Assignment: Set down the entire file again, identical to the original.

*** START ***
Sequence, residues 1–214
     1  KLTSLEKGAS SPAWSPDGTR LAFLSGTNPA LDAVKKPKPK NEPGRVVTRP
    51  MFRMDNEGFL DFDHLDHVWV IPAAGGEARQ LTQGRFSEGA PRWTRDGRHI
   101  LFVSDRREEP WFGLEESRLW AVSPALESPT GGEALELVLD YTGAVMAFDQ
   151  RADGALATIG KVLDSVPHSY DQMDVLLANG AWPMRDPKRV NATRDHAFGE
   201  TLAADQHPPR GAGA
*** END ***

Sequence, residues 1–214
     1  KLTSLEKGAS SPAWSPDGTR LAFLSGTNPA LDAVKKPKPK NEPGRVVTRP
    51  MFRMDNEGFL DFDHLDHVWV IPAAGGEARQ LTQGRFSEGA PRWTRDGRHI
   101  LFVSDRREEP WFGLEESRLW AVSPALESPT GGEALELVLD YTGAVMAFDQ
   151  RADGALATIG KVLDSVPHSY DQMDVLLANG AWPMRDPKRV NATRDHAFGE
   201  TLAADQHPPR GAGA